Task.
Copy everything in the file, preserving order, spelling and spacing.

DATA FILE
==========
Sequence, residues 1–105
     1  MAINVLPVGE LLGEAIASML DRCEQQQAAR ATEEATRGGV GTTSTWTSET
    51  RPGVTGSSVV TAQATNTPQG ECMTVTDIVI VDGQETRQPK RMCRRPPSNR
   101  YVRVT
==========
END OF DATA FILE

Sequence, residues 1–105
     1  MAINVLPVGE LLGEAIASML DRCEQQQAAR ATEEATRGGV GTTSTWTSET
    51  RPGVTGSSVV TAQATNTPQG ECMTVTDIVI VDGQETRQPK RMCRRPPSNR
   101  YVRVT